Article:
Touring a Neighbor’s House After the Untimely Death of Her Husband
Autumn sun streams through skylight, illuminates the wedding photo on the dresser, a book of poems I gave her, alone on the bed, a corner nightstand, where medical tubing droops from a black box, lifeless as the man who used it last week. We’ve been invited—too soon—to see the house she wants us to buy now that he’s gone. We move through the house quietly in stocking feet, with awkward happiness for the opportunity of a new home. My teen daughter longingly eyes the baby grand piano; Do you want to keep it with the house? My son imagines the slab-granite kitchen as the set for his next “Chopped” parody. As we leave, my neighbor says she’s been reading the poems, and I pause from voyeuristic guilt. But I remember Stafford’s “The Way It Is” on page 86. “Nothing you do can stop time’s unfolding. / You don’t ever let go of the thread.” She reaches out for a hug and we make plans to meet again, review comps, agree on a price, handle everything without agents so she can follow the thread and move on.
At the Wedgwood Broiler
They still serve prime rib “while it lasts” on Friday nights and top the salad with Cheez-Its yet things are changing here. This place could be closed next year—the real estate worth more as a nonprofit development of subsidized housing for the homeless. Property taxes keep going up and $15 an hour means the cost of prime rib must rise. But customers keep coming. Sitting in brown vinyl booths, white haired, they make a wisecrack to Vera about fixed incomes and how they still have a cat to feed at home. But tonight, I’m lucky. There’s a small booth for two set for one, and as I read Olav Hauge while plunging French dip in au jus I think about the former rainforest where my dinner once grazed and how earlier today the world’s young people used social media to coordinate a climate change strike while I changed sheets and sprayed bleach on a toilet at the Airbnb that helps pay our taxes. Still, I didn’t hear birdsong in the rhododendrons as I cleaned with the door open. They say three billion birds have died and millions of salmon and, so, the orcas, too. It feels like genocide. And this month the Wedgwood Broiler’s walls feature framed nature photographs for sale—a mother and juvenile orca pose for the camera head to torso above the water line in matching black and white, real but not quite real, like the Facebook posts by moms from the private school for the gifted my kids used to attend or the families that pose in color-coordinated outfits and bare feet for the cover of the neighborhood real estate agent’s magazine that shows up in our mailbox without our asking. But this self-promoting noise is quieted by the Wedgwood Broiler. Low chatter of conversation. Porcelain on porcelain. Steam rising from the open kitchen. And my cup of coffee. The cream on the table in single plastic servings that will become part of the Great Pacific Garbage Patch next year and maybe by then Greta Thunberg will have convinced the world order to ban Mini Moo’s and paper napkins and take-out bags and my French dip, and I see the recycle and compost bins in the bussing station and although we just sell all of it to be dumped in China, we feel good putting it in those bins and we think there is hope. Then a three-year-old one booth away sings Twinkle Twinkle Little Star at the top of his lungs and his mother doesn’t mind and the servers don’t mind and neither do I.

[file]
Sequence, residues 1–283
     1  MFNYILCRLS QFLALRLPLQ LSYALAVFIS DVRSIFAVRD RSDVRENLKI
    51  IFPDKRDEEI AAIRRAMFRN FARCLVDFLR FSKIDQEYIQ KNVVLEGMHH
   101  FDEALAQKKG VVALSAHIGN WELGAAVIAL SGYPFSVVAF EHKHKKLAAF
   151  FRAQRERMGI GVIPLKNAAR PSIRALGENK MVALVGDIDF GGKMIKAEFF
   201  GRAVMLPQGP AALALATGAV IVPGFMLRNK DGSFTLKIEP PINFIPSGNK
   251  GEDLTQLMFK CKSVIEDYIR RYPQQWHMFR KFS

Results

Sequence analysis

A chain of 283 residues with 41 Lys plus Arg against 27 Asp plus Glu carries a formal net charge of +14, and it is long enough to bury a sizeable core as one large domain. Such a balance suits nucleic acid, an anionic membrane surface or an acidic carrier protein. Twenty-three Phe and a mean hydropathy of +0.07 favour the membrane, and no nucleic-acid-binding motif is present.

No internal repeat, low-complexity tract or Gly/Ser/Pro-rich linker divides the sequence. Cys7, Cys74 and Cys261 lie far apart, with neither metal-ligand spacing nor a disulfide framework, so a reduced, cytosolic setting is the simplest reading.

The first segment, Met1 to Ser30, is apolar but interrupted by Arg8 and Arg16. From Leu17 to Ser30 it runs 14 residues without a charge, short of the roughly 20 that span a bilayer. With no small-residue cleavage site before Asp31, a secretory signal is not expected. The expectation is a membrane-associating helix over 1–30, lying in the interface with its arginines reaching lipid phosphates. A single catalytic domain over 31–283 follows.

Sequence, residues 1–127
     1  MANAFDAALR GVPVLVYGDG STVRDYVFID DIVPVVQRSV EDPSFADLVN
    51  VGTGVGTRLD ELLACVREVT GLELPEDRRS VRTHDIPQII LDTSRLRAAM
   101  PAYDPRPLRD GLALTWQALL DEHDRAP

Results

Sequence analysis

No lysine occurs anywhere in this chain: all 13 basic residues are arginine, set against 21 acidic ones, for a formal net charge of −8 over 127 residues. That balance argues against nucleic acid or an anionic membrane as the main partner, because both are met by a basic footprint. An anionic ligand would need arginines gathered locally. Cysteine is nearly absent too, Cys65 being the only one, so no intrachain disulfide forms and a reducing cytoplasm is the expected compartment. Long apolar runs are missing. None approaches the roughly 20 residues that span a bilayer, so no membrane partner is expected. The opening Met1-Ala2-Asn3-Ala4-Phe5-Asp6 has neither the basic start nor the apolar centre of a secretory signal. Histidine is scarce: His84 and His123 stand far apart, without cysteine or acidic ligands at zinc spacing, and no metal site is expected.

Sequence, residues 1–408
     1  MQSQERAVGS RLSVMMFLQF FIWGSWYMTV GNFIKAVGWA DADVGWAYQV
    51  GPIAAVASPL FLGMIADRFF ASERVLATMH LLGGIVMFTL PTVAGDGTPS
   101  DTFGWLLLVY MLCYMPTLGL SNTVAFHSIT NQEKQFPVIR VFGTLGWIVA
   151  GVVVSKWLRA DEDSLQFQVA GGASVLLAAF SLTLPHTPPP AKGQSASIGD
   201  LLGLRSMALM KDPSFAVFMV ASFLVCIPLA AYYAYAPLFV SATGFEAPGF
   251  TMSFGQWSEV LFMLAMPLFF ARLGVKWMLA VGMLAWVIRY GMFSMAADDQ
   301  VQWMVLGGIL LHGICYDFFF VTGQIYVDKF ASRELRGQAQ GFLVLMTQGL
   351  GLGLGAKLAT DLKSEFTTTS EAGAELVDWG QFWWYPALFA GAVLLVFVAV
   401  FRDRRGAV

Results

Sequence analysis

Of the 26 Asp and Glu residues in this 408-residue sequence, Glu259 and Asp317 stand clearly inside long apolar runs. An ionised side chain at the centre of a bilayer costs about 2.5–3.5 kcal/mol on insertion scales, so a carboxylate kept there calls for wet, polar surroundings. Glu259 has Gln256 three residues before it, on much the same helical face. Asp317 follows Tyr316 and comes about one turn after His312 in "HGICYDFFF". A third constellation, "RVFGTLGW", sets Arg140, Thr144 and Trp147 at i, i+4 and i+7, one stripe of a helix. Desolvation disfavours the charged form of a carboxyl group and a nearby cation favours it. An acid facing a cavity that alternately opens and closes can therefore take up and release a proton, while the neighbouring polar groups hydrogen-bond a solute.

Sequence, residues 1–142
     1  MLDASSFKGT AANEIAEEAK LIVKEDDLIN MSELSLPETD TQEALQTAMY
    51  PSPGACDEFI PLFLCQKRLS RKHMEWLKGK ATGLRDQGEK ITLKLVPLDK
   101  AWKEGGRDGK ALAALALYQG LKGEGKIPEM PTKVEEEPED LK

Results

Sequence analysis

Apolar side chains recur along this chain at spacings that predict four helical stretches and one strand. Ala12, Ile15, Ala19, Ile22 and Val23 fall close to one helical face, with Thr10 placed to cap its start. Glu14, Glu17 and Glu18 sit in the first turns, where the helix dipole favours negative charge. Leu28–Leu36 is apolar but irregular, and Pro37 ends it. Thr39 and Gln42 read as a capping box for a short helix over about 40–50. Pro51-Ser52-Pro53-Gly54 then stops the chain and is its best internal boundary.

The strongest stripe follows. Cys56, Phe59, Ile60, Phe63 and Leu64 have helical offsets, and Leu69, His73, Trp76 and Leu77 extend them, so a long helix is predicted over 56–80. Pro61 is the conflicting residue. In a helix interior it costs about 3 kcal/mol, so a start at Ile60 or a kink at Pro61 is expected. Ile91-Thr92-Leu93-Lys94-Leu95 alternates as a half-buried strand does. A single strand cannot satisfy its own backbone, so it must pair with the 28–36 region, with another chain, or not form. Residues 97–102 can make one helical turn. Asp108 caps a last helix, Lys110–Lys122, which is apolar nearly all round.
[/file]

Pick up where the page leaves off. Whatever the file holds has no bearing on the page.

Kristi Helgeson is a writer who cannot eat raw onions, has conquered her fear of (most) spiders, and once single-handedly managed a Norwegian fjord horse ranch with no prior experience (yes, they all survived). Now a city mouse, her work is inspired by life as a country mouse who happened to stow away on various moving machines in order to, eventually, circumnavigate the globe. She lives in Seattle with her family, who tolerates her.
Artwork by: Harrison Haines